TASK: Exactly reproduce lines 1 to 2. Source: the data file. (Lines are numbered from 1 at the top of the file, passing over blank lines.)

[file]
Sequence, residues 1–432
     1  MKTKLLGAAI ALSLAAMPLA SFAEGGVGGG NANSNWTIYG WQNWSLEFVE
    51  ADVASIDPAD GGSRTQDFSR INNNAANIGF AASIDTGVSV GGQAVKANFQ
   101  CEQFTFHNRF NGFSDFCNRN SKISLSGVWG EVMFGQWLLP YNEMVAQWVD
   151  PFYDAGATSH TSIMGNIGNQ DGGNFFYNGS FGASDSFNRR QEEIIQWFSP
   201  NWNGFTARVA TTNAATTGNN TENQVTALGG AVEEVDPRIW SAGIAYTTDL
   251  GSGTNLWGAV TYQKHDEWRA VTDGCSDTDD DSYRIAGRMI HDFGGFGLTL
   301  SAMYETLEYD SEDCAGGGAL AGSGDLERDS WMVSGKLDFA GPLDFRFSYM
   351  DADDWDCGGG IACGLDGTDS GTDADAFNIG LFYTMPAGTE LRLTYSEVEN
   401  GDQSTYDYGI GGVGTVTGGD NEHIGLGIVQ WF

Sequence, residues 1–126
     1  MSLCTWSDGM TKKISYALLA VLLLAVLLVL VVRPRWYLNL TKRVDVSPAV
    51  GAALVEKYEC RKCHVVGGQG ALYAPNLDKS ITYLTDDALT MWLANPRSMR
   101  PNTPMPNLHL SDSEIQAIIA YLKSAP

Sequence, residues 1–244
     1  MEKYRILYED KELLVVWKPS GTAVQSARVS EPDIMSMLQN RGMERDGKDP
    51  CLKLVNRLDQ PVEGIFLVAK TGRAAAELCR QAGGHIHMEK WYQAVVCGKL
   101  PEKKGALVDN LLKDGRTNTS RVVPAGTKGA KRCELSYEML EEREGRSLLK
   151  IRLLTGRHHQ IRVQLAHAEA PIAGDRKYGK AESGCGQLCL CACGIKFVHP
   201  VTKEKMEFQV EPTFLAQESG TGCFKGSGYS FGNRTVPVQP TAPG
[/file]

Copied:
Sequence, residues 1–432
     1  MKTKLLGAAI ALSLAAMPLA SFAEGGVGGG NANSNWTIYG WQNWSLEFVE